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Jos Buttler fears T20 World Cup could become farce as England vs Australia off despite stadium with roof being down road

JOS BUTTLER fears the Twenty20 World Cup is plunging towards farce with the weather having as much impact as playing ability.

Captain Buttler was speaking after England’s blockbuster showdown against Australia in Melbourne was washed out.

The rain has made England’s World Cup test harder and contributed to Ireland loss earlier this week

It was the fourth successive match in Australia’s sporting capital to be affected by rain.

England lost to Ireland by five runs under the Duckworth-Lewis-Stern method on Wednesday and the Aussie washout still means they must beat New Zealand and Sri Lanka in their final two Super 12s matches to have a chance of reaching the semi-finals.

The integrity of the tournament has already been compromised and it is perhaps no coincidence that only six international cricket matches had ever previously been scheduled outdoors in Australia before the start of November.

Of course, nobody can predict rain and organisers have been unlucky but wet weather patterns created by La Nina have been anticipated in Australia for months.

So perhaps the 44,000-capacity indoor Docklands Stadium in Melbourne could have been a back-up. It is frequently used for Big Bash T20 games.

October is on average the second-wettest month of the year in Melbourne and, as we know, the greed of administrators packing in tournament after tournament normally outweighs common sense.

Don’t forget, the previous T20 World Cup was in the UAE less than a year ago.

Apart from the India v Pakistan match, crowds have been disappointing, too, because there is no tradition of cricket being played in Australia in October.

Buttler admitted: “It’s tough. Afghanistan have had two games washed out in a tournament where you potentially play only five matches.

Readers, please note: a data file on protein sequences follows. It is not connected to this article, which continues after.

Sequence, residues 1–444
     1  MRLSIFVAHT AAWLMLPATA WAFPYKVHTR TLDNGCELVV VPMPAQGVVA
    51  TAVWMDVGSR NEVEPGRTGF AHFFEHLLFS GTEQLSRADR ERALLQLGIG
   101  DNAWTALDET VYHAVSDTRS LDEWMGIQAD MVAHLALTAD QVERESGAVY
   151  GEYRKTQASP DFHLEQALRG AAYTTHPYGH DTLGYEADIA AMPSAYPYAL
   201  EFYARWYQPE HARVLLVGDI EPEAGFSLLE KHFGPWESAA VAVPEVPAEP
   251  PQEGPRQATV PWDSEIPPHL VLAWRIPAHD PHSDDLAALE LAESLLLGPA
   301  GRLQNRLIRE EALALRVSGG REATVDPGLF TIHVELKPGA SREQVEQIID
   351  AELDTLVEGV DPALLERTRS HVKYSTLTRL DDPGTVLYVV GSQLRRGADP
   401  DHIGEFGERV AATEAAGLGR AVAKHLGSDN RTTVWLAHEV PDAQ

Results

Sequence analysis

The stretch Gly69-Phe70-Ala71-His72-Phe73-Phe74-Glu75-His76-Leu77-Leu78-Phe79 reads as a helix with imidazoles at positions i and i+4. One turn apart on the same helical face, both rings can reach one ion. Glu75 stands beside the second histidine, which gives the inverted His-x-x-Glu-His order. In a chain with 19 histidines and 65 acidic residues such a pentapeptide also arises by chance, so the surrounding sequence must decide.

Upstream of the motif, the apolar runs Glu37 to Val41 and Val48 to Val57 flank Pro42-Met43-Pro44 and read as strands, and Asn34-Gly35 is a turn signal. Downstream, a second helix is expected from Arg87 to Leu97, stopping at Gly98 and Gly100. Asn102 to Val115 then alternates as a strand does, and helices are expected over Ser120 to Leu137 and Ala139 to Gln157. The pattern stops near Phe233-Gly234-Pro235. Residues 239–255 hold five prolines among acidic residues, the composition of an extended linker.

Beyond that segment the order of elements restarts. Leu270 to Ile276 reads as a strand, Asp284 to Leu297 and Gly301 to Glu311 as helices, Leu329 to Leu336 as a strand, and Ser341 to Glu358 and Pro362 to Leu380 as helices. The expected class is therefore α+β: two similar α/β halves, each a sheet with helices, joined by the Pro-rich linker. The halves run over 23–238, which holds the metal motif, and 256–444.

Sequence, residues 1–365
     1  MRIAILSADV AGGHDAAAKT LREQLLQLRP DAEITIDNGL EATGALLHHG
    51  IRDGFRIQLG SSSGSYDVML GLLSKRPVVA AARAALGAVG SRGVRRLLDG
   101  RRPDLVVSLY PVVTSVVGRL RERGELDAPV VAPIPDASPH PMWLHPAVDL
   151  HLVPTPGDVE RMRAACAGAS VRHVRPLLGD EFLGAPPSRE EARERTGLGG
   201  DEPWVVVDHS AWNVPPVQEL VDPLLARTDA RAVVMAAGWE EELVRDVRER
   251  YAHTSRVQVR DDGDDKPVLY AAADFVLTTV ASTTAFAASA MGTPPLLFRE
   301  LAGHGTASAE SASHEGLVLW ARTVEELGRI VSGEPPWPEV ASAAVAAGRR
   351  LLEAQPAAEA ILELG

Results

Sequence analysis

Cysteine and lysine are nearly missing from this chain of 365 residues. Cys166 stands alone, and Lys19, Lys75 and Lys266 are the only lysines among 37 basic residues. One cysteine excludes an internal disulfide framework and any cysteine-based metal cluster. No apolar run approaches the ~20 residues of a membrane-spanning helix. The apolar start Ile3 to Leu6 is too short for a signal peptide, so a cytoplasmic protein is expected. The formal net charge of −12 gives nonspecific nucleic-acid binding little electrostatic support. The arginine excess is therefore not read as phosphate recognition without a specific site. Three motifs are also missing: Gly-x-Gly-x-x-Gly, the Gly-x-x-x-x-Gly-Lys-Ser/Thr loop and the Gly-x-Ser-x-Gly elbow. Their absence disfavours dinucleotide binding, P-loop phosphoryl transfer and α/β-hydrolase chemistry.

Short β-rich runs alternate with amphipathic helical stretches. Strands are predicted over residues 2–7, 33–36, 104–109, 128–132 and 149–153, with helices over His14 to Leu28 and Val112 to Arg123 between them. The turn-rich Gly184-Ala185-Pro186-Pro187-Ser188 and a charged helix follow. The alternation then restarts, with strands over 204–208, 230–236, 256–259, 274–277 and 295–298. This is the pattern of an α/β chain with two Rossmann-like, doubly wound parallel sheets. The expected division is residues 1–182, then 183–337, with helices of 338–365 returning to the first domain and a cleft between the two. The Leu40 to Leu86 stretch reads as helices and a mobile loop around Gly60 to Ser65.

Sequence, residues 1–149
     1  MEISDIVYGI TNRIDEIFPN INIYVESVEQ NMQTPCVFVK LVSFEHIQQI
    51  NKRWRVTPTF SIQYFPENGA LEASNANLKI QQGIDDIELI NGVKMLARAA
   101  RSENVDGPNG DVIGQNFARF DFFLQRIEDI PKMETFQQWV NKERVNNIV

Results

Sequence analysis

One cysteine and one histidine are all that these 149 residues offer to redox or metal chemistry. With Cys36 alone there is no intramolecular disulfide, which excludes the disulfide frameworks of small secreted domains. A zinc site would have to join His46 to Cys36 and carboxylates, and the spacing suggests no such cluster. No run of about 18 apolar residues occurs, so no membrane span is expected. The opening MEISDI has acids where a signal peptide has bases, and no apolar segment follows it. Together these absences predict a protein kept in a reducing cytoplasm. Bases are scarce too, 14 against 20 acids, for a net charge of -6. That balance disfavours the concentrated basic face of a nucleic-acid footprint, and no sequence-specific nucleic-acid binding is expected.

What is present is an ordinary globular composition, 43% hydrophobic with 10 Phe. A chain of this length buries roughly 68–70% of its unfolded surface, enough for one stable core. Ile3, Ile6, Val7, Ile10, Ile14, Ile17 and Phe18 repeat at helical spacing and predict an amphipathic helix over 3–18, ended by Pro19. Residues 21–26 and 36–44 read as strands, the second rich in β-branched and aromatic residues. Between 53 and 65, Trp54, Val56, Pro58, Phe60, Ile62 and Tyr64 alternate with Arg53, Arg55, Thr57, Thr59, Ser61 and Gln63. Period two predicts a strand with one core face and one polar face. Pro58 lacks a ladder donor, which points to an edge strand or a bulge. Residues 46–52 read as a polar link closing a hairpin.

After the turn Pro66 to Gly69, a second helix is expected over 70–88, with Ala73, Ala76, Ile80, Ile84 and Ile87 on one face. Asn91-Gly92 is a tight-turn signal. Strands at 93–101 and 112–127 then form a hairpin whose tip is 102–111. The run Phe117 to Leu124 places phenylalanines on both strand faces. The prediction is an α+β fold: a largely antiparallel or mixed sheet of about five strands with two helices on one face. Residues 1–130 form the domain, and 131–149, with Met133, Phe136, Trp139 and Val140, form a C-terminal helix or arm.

“It’s frustrating for all of us. Is there something you could look at – I don’t know if you could elongate the tournament, for example?

“I’m not sure what the perfect format is. It’s quite a ruthless format as it stands, which we know and accept. But if multiple games are affected by the weather, it doesn’t give a true reflection of how you’d hope the tournament would play out.”

Buttler added: “The umpires had some big concerns about the conditions and rightly so. The outfield was very wet and there were some areas inside the 30-yard circle that weren’t fit to play.

 “We all want to play cricket but it has to be safe and it certainly wasn’t. The right call was made. We play an open-air sport and the elements are a huge part of what makes it unique.

It’s New Zealand up next for Jos Buttler and England

 “It’s a shame for everyone. Australia v England at the MCG in a must-win match is as big as it gets in your career. You don’t know how often those opportunities will come around.”

Afghanistan’s last two matches have been abandoned without a ball bowled and team coach Jonathan Trott – England’s Ashes-winning former run machine – is baffled why matches are not being switched indoors.

Trott said: “This is what happens at this time of year and the beginning of summers.

“The frustrating thing is there’s a stadium down the road that has a roof so you can play cricket there. We could have had lots of cricket. But it does mean the tournament is unpredictable with lots of must-win games coming up.”

England next face New Zealand in Brisbane on Tuesday and play the final match in Group One against Sri Lanka in Sydney next Saturday.

That could give Buttler’s team an advantage because they might know exactly what they have to do in terms of net run-rate to reach the semi-finals.

But first they must beat New Zealand.